Collateral Assignment: When a policyowner of a life insurance policy or an annuity contract transfers certain rights to a third party as security or collateral for a debt, this is usually a temporary measure. Under a collateral assignment, the third party creditor is entitled to payment limited to the amount that the policyowner owes the third part creditor. Any death benefit or cash surrender amount in excess of the debt owed by the policyowner to the third part creditor is paid to the policyowner or the policy’s beneficiaries. A collateral assignment may also result in restrictions or limitations of the ability to take policy loans.
Common Disaster Clause: A clause or language sometimes included in a life insurance policy that dictates the manner in which the insurance company is to distribute death benefit proceeds of the life insurance policy in the event of a “Common Disaster”.
Contestable Clause (or Incontestable Clause): A provision in almost every life insurance policy that states the time (called the contestable period) during which the policy may be contested, challenged or voided by the insurance carrier based on material misrepresentations contained in the original application or medical examination. By law, the maximum contestable period is two years.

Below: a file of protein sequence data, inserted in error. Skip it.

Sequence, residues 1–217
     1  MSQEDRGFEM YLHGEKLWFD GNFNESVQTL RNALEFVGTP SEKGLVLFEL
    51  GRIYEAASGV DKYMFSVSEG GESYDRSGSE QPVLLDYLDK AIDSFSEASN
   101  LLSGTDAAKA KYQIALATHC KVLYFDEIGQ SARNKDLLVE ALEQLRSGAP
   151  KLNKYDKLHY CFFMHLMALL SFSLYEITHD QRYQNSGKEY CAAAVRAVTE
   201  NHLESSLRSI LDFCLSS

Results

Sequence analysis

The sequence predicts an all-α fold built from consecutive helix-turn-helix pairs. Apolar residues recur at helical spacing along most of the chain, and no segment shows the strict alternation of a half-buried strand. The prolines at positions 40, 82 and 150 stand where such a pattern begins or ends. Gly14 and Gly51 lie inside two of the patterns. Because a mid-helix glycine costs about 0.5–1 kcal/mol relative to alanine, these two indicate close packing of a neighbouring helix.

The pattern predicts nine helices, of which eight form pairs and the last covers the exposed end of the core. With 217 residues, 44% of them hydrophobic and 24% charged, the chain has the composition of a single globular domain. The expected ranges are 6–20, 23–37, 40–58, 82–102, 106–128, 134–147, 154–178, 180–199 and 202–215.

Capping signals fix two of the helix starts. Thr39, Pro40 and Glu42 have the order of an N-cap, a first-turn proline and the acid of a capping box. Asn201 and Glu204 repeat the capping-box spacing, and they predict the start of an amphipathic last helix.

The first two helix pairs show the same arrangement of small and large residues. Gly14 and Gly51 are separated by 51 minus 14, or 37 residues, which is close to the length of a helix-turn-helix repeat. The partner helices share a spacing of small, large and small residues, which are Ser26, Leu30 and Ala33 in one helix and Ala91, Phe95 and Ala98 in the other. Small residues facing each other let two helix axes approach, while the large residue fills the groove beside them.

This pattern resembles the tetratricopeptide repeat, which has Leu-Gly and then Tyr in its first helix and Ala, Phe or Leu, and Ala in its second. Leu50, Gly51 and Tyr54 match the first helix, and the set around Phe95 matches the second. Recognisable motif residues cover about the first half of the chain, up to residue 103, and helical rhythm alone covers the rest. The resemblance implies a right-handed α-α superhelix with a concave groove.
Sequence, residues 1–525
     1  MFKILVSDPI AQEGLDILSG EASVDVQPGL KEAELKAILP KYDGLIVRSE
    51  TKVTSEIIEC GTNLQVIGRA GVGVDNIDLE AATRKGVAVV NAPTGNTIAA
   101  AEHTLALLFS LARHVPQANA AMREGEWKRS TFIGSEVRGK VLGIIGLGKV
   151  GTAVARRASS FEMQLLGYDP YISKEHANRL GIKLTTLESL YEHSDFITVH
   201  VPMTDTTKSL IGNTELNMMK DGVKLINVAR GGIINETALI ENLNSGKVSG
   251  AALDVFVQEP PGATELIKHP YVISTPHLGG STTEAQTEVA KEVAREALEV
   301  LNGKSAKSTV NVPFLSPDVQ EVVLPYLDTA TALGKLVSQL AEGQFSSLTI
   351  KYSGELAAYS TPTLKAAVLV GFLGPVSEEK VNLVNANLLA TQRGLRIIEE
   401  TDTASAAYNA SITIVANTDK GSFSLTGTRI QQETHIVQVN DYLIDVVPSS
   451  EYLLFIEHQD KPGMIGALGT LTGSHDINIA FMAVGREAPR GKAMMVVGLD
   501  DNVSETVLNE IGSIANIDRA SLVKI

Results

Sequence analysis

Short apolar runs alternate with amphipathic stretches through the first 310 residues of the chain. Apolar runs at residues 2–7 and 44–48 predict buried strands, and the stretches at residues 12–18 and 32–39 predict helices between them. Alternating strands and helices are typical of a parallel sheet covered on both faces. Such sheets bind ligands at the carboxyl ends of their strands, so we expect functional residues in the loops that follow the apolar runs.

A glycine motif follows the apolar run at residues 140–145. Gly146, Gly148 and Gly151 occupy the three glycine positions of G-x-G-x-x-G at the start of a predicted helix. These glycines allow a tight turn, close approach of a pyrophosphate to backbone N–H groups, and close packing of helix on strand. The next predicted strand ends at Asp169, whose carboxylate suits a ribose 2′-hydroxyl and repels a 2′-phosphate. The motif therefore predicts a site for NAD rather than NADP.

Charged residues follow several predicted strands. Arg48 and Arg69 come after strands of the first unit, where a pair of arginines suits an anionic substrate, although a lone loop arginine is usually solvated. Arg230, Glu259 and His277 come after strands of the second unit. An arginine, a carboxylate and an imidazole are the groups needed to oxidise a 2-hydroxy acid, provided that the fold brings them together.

Conversion / Convertible Term: A policy may contain a provision providing that under certain circumstances the policy may be exchanged for another life insurance policy with the same insurance company, without further evidence of health or underwriting requirements. Most often, term insurance can be converted to Universal Life, Whole Life, or another form of permanent life insurance dictated by the insurance company.
Cost of Insurance (COI): Universal Life and Variable Life insurance policies have a “cost of insurance” amount that is deducted monthly from the cash accumulation value of the policy to pay for the pure insurance protection provided by the policy. The amount deducted is calculated based on a number of factors such as age, health class at the time of policy issue, and death benefit amount.
Critical Illness Rider: An additional form of insurance coverage that can be added as a Rider to certain types insurance policy which has a specified benefit to the policyowner if the insured is diagnosed with a critical illness or condition.
Date of Issue: The date on which a policy or contract is issued by the insurance carrier. Note, this may be different from the policy “Effective Date”.
Death Benefit: The amount paid to the beneficiary(ies) upon the death of the insured. Also referred to as “Face Amount”.
Death Benefit Option: The method by which the death benefit payable is calculated for a Universal Life or Variable Universal Life insurance policy. For Level Death Benefits (aka Option A), the death benefit is the face amount of the policy reduced by the existing loan, if applicable. For Increasing Death Benefits (aka Option B), the death benefit amount is the face amount plus the cash value amount, reduced by the existing loan, if applicable.
Death Claim: The formal process by which an insurance company is notified of the insured’s death and the request for payment of policy proceeds in accordance with the terms and conditions of the life insurance policy.